Two subgroup analyses according to the reference serum ferritin values, ferritin < 150 ng/mL and ferritin ≥ 150 ng/mL, were performed to identify differences in other factor distributions (Table 5). The two groups were different in EOCG-PS grade (p = 0.025), total WBCs (p = 0.031), and CRP level (p = 0.000). Among these factors, ECOG-PS and WBCs did not show any influence on hazard ratios, whereas CRP strongly impacted the hazard ratio for survival in mCRC patients.

Although elevated CRP level was reported to increase the hazard ratio for mortality in CRC [34, 35], in other studies to evaluate ferritin and CRP concurrently as prognostic factors, no efficacy of serum ferritin or CRP was showed in melanoma [36], ferritin was revealed strong prognostic value than CRP in breast cancer [37], elevation of both markers resulted significant decrease of OS in inoperable pancreatic cancer patients [38].

In this study, we identified serum ferritin to be a significant prognostic factor in determining survival, as well as in confirming the prognostic efficacy of CRP. In mCRC patients, serum ferritin and CRP can be used concurrently to predict prognosis. This finding implies that the relationship between ferritin and CRP is relevant to the pathophysiology of cancer, such as inflammation, malnutrition, and cachexia, as manifestation of advanced stage. Of the laboratory tests in clinical medicine, serum ferritin is more expensive to test compared with CRP. However, in clinical implication, ferritin can give various host-related information such as inflammation, response to oxidative stress, regulation of immune system as well as disorder of iron balance, whereas CRP is limited to imply only the systemic inflammation. Serum ferritin will emerge as an important biomarker in cancer, as its novel function with various mechanisms related carcinogenesis is recognized.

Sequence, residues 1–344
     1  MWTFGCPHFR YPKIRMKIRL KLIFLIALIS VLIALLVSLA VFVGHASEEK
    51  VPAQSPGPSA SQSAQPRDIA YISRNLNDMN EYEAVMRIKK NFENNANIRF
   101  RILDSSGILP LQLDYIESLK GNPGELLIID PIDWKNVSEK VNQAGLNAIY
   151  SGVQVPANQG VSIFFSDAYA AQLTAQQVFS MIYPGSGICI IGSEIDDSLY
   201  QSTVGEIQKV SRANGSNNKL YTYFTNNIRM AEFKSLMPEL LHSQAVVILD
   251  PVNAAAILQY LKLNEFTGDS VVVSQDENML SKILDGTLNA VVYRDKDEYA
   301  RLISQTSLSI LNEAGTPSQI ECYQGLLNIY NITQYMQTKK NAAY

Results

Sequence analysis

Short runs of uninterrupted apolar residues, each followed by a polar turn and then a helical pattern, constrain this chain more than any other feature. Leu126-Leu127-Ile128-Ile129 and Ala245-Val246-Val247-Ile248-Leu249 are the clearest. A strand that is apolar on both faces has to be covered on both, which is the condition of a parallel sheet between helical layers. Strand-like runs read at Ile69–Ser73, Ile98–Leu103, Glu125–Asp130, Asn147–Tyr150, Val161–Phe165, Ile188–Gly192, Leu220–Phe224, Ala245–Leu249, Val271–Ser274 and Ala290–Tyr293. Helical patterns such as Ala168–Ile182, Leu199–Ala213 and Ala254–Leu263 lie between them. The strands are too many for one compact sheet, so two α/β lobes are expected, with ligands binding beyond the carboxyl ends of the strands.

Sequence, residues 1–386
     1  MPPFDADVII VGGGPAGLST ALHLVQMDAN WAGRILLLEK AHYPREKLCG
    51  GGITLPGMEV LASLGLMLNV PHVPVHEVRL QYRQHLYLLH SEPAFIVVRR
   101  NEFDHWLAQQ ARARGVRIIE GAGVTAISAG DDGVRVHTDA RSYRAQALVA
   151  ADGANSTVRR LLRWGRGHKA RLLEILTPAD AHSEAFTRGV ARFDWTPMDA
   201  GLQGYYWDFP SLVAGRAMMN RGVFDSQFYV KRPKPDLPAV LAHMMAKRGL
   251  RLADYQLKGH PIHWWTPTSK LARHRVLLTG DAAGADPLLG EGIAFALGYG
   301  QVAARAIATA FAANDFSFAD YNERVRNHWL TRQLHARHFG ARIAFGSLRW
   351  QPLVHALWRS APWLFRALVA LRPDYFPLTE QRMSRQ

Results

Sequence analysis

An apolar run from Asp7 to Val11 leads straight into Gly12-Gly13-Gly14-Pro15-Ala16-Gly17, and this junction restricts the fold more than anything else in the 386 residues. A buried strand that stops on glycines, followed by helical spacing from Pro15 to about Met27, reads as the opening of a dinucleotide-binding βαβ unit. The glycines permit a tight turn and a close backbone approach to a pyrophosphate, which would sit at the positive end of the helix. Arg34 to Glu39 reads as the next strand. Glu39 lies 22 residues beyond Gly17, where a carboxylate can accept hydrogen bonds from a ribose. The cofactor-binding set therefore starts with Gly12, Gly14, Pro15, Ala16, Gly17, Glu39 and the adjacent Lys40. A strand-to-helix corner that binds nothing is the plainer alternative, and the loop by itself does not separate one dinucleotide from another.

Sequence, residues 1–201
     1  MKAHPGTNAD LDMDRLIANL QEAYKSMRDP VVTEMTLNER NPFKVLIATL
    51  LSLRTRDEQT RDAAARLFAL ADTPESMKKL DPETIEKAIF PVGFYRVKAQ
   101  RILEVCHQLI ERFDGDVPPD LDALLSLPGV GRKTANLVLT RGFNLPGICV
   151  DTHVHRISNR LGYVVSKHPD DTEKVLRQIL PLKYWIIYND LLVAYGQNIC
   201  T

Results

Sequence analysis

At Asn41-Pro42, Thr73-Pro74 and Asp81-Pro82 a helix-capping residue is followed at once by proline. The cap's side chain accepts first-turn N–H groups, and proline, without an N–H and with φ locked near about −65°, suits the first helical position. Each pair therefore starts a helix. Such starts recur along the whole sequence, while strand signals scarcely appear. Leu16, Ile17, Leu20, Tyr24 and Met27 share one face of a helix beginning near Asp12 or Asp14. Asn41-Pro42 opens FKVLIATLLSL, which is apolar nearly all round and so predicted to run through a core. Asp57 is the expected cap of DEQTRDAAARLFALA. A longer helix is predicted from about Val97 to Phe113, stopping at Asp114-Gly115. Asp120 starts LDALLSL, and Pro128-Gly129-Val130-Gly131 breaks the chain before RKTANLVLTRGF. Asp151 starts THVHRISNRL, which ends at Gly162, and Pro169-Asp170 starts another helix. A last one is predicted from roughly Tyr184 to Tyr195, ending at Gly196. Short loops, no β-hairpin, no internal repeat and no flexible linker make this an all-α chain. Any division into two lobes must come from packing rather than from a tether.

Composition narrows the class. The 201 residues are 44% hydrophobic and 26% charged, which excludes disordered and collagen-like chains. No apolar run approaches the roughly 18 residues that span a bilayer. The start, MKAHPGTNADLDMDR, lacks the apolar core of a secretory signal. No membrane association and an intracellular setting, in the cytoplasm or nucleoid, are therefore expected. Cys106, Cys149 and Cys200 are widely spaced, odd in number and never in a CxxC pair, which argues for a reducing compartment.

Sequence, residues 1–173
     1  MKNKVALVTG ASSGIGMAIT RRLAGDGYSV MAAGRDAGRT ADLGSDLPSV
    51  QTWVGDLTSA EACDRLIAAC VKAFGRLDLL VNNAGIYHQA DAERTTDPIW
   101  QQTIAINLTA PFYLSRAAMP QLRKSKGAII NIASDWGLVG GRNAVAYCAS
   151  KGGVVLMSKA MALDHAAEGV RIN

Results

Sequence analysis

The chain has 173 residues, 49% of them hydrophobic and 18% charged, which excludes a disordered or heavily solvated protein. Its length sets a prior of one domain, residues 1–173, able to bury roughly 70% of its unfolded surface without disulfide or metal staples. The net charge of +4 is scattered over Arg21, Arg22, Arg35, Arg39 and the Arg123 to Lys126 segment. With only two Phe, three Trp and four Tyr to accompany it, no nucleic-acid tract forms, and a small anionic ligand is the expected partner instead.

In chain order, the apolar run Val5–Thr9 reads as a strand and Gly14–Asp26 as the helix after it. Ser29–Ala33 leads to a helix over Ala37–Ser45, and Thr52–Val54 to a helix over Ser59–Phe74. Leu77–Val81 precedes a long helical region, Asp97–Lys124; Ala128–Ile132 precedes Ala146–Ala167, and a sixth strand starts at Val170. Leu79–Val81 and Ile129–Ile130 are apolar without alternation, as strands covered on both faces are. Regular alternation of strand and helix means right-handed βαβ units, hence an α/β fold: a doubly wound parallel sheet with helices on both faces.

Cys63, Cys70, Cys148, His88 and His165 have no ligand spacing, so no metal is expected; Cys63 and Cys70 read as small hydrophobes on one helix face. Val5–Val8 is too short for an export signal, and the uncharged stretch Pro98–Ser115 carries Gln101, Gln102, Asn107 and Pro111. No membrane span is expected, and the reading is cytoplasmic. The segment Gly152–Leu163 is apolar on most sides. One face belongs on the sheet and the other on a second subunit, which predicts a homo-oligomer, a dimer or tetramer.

This study demonstrates that serum ferritin is a significant prognostic factor for survival in mCRC. In order to interpret the mechanism underlying these findings, biological studies with various approaches will be necessary, and well-designed prospective studies will also support these findings.

Conflicts of interest

We have no conflicts of interest to declare.


1. Jung KW, Won YJ, Kong HJ, Oh CM, Lee DH, Lee JS. Cancer statistics in Korea: incidence, mortality, survival, and prevalence in 2011. Cancer Res Treat. 2014;46:109-23

2. Goodwin PJ, Meyerhardt JA, Hursting SD. Host factors and cancer outcome. J Clin Oncol. 2010;28:4019-21

3. Wang W, Knovich MA, Coffman LG, Torti FM, Torti SV. Serum ferritin: Past, present and future. Biochim Biophys Acta. 2010;1800:760-9

4. Fisher J, Devraj K, Ingram J, Slagle-Webb B, Madhankumar AB, Liu X. et al. Ferritin: a novel mechanism for delivery of iron to the brain and other organs. Am J Physiol Cell Physiol. 2007;293:C641-9

5. Fargion S, Fracanzani AL, Brando B, Arosio P, Levi S, Fiorelli G. Specific binding sites for H-ferritin on human lymphocytes: modulation during cellular proliferation and potential implication in cell growth control. Blood. 1991;78:1056-61

6. Coffman LG, Parsonage D, D'Agostino R Jr, Torti FM, Torti SV. Regulatory effects of ferritin on angiogenesis. Proc Natl Acad Sci U S A. 2009;106:570-5

7. Alkhateeb AA, Han B, Connor JR. Ferritin stimulates breast cancer cells through an iron-independent mechanism and is localized within tumor-associated macrophages. Breast Cancer Res Treat. 2013;137:733-44

8. Hazard JT, Drysdale JW. Ferritinaemia in cancer. Nature. 1977;265:755-6